Gene-specific qRTPCR reactions were performed with 1 μl of the reverse transcriptase mix, a pair of gene-specific primers, and SYBR green dye (ABI SYBR green PCR master mix). Each qRTPCR run was performed on a 96-well plate,providing transcript level information for 11 genes and the Ribosomal protein L32 (RpL32) control (see below) for two experimentally paired genotypes. For each gene on the plate, we performed three technical qRTPCR replicates per genotype and one `No Template' (NoT) reaction. NoT reactions lacked cDNA and were used to detect potential template-independent PCR amplification. For each genotype, we included two technical replicates with the RpL32 primer set and the NoE control to check for potential genomic DNA contamination. In all cases, PCR products in NoE and NoT reactions were at least 50-fold less concentrated than the gene-specific qRTPCR products. Thus, contamination with genomic DNA and primer-related templates was negligible. In addition, melting temperatures of the gene-specific amplicons were always consistent across the technical and biological replicates and across all genotypes (data not shown).

We performed relative quantitation analysis on qRTPCR data using the housekeeping gene, RpL32 (rp49), as a control. Levels of RpL32 mRNA were not significantly different between paired genotypes(data not shown) and were therefore not affected by mutations in the dimm region. For each PCR reaction, we obtained a Ct value representing the number of PCR cycles necessary to reach a threshold amplicon concentration. Ct values were normalized to RpL32 to obtain ΔCt values (ΔCt=Cttest gene–CtRpL32), which were then averaged across the three technical replicates. By comparing levels of each transcript to RpL32, we confirmed consistency of the mRNA extraction, cDNA synthesis, and loading for the two paired genotypes within each experiment. In addition, normalization of test gene Ct values to those of RpL32 allowed us to compare transcript levels across experiments.

Tissue preparation and image analysis

Anti-Manduca pre-ecdysis triggering hormone (anti-PETH)immunostaining (Park et al.,2002; Zitnan et al.,1999) and ETH-EGFP imaging, preparation of digoxigenin-labeled DNA probes (from genomic templates), and whole-mount larval or CNS in situ hybridization were performed as described(Hewes et al., 2003). Control and experimental genotypes were always processed in parallel within a given experiment, using the same reagents, to minimize variability. In addition, for the in situ hybridization analysis, all reactions were stopped at the same time (when the most intense signals first became dark to prevent overstaining). We then measured the intensity of each cellular signal(intensity index) as described (Hewes at al., 2003). Briefly, confocal (fluorescence) and CCD (brightfield)images were obtained after adjusting exposure settings to optimize detection without saturating the signal. For a given neuron, identical settings were used for all preparations and genotypes, and the mean pixel intensity for the area covering each soma (S), and the neighboring background (B), was measured using Adobe Photoshop (San Jose, CA, USA). The intensity index=(S–B)/B. Images shown in the figures were chosen to best represent the mean intensity index values.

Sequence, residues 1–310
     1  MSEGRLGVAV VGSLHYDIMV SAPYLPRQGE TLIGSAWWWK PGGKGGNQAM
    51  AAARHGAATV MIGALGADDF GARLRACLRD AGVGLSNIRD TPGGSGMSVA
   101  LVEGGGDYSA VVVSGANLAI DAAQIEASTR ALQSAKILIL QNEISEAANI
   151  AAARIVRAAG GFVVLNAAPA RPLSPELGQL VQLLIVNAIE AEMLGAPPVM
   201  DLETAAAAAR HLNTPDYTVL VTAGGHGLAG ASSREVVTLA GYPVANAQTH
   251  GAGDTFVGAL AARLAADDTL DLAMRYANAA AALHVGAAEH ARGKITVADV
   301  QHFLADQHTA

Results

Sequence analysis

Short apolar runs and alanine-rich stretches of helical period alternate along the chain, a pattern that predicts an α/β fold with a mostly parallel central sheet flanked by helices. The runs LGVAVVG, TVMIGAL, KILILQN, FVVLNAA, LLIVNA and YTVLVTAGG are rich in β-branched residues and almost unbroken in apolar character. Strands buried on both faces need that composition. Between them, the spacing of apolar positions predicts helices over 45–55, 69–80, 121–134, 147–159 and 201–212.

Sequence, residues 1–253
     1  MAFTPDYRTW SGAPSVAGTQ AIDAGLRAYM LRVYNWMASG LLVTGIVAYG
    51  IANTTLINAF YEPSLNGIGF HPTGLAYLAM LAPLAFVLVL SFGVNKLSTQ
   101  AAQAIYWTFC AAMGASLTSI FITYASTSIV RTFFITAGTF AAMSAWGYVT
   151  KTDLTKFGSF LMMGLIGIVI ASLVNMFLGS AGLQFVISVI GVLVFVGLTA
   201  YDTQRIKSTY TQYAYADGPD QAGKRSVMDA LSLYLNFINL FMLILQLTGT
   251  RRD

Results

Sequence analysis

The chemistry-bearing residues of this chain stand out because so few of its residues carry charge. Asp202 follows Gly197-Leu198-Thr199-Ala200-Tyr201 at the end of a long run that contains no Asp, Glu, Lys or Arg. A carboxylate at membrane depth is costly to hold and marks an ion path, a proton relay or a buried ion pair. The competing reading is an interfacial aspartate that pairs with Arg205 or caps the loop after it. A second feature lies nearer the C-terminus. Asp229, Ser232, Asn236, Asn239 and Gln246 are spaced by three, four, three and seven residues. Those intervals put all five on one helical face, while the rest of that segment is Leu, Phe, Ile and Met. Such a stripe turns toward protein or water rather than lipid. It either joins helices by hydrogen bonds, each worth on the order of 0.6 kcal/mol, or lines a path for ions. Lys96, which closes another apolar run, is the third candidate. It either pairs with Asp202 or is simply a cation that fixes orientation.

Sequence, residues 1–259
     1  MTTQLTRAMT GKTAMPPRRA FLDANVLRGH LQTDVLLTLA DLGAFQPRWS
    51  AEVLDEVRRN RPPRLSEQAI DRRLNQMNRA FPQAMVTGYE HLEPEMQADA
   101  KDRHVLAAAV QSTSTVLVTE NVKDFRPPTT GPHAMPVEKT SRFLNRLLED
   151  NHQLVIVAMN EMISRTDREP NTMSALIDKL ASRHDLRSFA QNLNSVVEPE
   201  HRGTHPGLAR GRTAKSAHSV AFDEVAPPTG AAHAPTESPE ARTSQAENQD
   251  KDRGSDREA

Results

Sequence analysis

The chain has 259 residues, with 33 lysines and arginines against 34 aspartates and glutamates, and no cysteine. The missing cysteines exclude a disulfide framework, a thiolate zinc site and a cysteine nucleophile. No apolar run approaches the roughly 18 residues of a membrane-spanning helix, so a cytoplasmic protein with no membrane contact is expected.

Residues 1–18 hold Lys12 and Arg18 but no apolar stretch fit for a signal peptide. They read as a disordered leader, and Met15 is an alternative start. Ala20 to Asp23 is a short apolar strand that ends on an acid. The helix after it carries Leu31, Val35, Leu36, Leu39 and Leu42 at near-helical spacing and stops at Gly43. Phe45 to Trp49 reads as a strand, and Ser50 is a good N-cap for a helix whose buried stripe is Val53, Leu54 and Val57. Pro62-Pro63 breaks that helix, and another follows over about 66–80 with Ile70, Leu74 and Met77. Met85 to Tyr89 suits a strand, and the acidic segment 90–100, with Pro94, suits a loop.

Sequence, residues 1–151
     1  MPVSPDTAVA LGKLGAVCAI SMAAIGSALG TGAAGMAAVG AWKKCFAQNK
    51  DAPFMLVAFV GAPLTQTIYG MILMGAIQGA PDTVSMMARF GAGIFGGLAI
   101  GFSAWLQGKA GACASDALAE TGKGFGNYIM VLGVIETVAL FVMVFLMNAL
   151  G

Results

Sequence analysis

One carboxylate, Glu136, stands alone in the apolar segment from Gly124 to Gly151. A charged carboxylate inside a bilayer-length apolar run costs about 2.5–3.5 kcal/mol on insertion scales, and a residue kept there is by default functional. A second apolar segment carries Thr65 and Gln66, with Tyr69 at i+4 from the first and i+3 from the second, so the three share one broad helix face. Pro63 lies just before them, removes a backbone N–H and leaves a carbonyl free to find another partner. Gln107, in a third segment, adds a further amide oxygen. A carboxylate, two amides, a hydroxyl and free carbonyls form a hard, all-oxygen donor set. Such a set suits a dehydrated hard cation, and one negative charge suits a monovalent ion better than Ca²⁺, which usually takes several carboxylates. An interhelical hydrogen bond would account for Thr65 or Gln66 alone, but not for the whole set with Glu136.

Statistical analysis

Statistical analyses were performed using NCSS 2001 (Kaysville, UT, USA). Sequential Bonferroni corrections were performed to minimize type I errors in multiple pair-wise comparisons (Rice,1989). We used parametric statistics, because the data generally followed a normal distribution. All values are means ± s.e.m.

Comparative genomic analysis of the 382 bp ETH regulatory region

Drosophila genome sequences were visualized with VISTA (VGB2.0)(Frazer et al., 2004), using AVID and SLAGAN alignments, on the UCSC Genome Browser at http://genome.ucsc.edu/(Karolchik et al., 2003) and with the MAVID multiple alignment server at http://baboon.math.berkeley.edu/mavid/(Bray and Pachter, 2004). The alignments included sequences from eight Drosophila genomes: D. melanogaster (January 2003 assembly)(Celniker et al., 2002); D. pseudoobscura (July 2003)(Richards et al., 2005); D. yakuba (April 2004) and D. simulans (December 2004;Genome Sequencing Center, Washington University School of Medicine); D. ananassae (July 2004; The Institute for Genomic Research); D. mojavensis (August 2004), D. erecta (October 2004) and D. virilis (July 2004; Agencourt Bioscience Corporation). Consensus sequences (IUPAC code) were obtained using the TRANSFAC (see below)adaptations of the Cavener rules (Cavener,1987). The code was capitalized when the nucleotide was present in at least seven sequences in the eight-species alignment.